July 16, 2010 -- A U.S. Food and Drug Administration panel has voted by a narrow margin against recommending the new diet drug Qnexa, citing concerns about a lack of data on the drug's cardiovascular effects.
The FDA's Endocrinologic and Metabolic Drugs Advisory Committee voted 10-6 against recommending approval for the combination drug. The pill contains the amphetamine phentermine -- supposedly the safer of two active ingredients in the infamous diet pill Fen-phen, which was pulled from the market in 1997 because of its link to heart damage. Qnexa also contains the anticonvulsant topiramate.
An initial review found Qnexa to be safe and effective, with some participants in early clinical trials losing an average of 10 percent of their starting body weight.
"In terms of efficacy, it's far superior to anything on the market," said panel member Dr. Abraham Thomas, an endocrinologist at Henry Ford Hospital in Detroit.
The committee, however, was concerned about increased risk of psychiatric and cognitive issues uncovered in the company's trials, and said the there was a lack of data to rule out cardiovascular risks and the drug's potential to cause birth defects in women who become pregnant while taking it.
There were also concerns because 18 percent of participants taking a high dose withdrew from trials after experiencing mild side effects, such as tingling of the hands and feet, headache and constipation. About 40 percent of all participants either taking high or low doses of Qnexa did not complete the study for various reasons.
Dr. Sidney Wolfe, director of Public Citizen's Health Research Group, said he was pleased with the panel's decision.
"The two drugs that make up the combination of Qnexa are dangerous on their own," Wolfe said. "Topiramate is a drug that was studied several years ago to see if it worked for diabetics who are obese. It worked well for weight loss, but the side effects were so significant that it should not be used for weight loss."
Experts Debate Safety of New Diet Drug
As for phentermine, Wolfe said there are a number of adverse side effects associated with it, including increased pulse.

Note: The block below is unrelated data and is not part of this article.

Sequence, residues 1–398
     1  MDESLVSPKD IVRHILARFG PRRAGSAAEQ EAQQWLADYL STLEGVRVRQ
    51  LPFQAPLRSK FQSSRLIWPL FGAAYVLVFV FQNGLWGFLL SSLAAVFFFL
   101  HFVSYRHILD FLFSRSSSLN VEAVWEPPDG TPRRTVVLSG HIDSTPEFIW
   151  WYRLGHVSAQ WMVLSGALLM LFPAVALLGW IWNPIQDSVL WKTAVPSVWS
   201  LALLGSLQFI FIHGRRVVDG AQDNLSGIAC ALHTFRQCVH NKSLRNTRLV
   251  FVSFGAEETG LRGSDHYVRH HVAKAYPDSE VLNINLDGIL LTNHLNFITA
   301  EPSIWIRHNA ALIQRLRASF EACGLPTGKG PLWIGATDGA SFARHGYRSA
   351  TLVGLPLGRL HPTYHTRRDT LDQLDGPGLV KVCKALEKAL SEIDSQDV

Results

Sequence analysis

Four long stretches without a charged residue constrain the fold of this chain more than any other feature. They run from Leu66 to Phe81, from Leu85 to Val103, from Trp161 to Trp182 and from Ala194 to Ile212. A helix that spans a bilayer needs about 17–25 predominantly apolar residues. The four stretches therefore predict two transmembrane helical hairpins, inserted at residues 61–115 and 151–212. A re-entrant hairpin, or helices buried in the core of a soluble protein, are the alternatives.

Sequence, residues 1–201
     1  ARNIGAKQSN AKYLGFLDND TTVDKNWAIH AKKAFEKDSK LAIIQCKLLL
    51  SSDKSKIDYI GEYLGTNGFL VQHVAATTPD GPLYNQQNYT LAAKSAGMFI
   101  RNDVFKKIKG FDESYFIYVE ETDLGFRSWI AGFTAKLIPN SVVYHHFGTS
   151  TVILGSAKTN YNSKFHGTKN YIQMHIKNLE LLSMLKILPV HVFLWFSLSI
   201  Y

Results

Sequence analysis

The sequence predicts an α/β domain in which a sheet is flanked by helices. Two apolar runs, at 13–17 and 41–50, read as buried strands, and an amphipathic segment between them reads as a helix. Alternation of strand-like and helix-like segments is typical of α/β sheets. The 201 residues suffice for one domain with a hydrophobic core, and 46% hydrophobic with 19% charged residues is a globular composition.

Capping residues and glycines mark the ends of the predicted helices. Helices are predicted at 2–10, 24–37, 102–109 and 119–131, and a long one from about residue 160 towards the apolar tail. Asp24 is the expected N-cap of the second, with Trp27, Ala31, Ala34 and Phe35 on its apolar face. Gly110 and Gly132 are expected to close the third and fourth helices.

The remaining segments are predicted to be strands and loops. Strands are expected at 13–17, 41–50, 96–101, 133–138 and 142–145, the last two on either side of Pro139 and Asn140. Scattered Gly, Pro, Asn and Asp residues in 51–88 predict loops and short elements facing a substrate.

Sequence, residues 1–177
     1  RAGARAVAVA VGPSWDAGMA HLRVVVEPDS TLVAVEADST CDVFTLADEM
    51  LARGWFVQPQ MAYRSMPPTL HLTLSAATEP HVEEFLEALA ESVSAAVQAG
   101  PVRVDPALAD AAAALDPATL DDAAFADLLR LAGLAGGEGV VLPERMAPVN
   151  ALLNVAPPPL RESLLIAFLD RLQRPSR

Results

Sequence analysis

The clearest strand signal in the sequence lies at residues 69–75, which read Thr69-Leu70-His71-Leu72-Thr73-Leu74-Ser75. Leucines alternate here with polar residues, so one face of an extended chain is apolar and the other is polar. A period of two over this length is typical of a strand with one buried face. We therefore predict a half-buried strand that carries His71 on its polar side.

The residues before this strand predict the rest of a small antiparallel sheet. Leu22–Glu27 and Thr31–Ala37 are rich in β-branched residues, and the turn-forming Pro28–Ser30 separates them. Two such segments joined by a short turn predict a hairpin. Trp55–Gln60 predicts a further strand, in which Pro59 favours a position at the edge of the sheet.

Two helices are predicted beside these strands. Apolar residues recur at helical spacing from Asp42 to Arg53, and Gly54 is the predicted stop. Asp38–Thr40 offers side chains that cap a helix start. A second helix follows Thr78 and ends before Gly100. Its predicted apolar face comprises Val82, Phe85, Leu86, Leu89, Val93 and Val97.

But Dr. Ken Fujioka, director of the Scripps Clinic Center for Weight Management in San Diego, said before Thursday's hearing that while phentermine was dangerous as part of the fen-phen combination, it is safe and effective on its own. Fujioka is on the advisory committee for Vivus, the company that makes Qnexa, and the advisory committees for companies that make two other proposed weight-loss drugs, Lorcascerin and Contrave.
Lorcaserin and Contrave go before the FDA for approval later this year. Although the panel voted against recommending Qnexa, the agency doesn't have to follow the panel's advice.
Experts said they hoped that Qnexa and the other drugs would provide effective weight-loss without the dangerous side effects that doomed other drugs, such as Fen-phen, Meridia and Alli. Fen-phen was pulled from the market in 1997 after it was linked to heart valve thickening. Meridia was pulled from the European drug market in 2009, and the FDA recently warned consumers about Alli's link to severe liver damage.
After news of the new drugs came out, they questioned the safety of a combination pill that appears to show striking similarities to previously recalled drugs.
"Whether any drug will become another Fen-phen is hard to predict," said Dr. Gerard Mullin, associate professor of medicine at the Johns Hopkins School of Medicine. "Every time we see a drug recalled, none were predictable, but it seems that similar classes of drugs can have inherent problems."
It's also unclear to some experts whether topiramate actually works.
"The anticonvulsant in both Contrave and Qnexa is a new variation on the theme of tweaking brain pathways to adjust appetite, but does not appear to be more than a minor innovation to me, and one of questionable utility," said Dr. David L. Katz, associate professor adjunct in public health practice at the Yale School of Public Health.